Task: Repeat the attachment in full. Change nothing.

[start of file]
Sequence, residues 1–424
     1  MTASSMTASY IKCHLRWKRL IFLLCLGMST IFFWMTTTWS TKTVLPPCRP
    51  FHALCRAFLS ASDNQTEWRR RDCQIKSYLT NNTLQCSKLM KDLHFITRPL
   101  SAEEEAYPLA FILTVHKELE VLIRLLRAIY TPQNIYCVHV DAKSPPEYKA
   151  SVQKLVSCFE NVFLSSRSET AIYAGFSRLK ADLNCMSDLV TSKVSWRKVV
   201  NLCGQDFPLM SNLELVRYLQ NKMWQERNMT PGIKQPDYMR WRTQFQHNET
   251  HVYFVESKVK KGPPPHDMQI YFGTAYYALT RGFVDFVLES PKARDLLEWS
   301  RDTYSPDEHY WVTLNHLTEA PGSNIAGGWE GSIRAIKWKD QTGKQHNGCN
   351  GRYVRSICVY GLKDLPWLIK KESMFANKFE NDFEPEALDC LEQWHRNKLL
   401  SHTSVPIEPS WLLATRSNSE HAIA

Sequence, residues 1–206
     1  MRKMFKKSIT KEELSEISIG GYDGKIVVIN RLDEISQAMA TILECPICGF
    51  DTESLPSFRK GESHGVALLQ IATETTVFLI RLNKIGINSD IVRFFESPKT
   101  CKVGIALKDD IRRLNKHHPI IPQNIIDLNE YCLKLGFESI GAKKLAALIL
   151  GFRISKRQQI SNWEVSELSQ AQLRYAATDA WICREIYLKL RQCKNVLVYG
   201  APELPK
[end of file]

Sequence, residues 1–424
     1  MTASSMTASY IKCHLRWKRL IFLLCLGMST IFFWMTTTWS TKTVLPPCRP
    51  FHALCRAFLS ASDNQTEWRR RDCQIKSYLT NNTLQCSKLM KDLHFITRPL
   101  SAEEEAYPLA FILTVHKELE VLIRLLRAIY TPQNIYCVHV DAKSPPEYKA
   151  SVQKLVSCFE NVFLSSRSET AIYAGFSRLK ADLNCMSDLV TSKVSWRKVV
   201  NLCGQDFPLM SNLELVRYLQ NKMWQERNMT PGIKQPDYMR WRTQFQHNET
   251  HVYFVESKVK KGPPPHDMQI YFGTAYYALT RGFVDFVLES PKARDLLEWS
   301  RDTYSPDEHY WVTLNHLTEA PGSNIAGGWE GSIRAIKWKD QTGKQHNGCN
   351  GRYVRSICVY GLKDLPWLIK KESMFANKFE NDFEPEALDC LEQWHRNKLL
   401  SHTSVPIEPS WLLATRSNSE HAIA

Sequence, residues 1–206
     1  MRKMFKKSIT KEELSEISIG GYDGKIVVIN RLDEISQAMA TILECPICGF
    51  DTESLPSFRK GESHGVALLQ IATETTVFLI RLNKIGINSD IVRFFESPKT
   101  CKVGIALKDD IRRLNKHHPI IPQNIIDLNE YCLKLGFESI GAKKLAALIL
   151  GFRISKRQQI SNWEVSELSQ AQLRYAATDA WICREIYLKL RQCKNVLVYG
   201  APELPK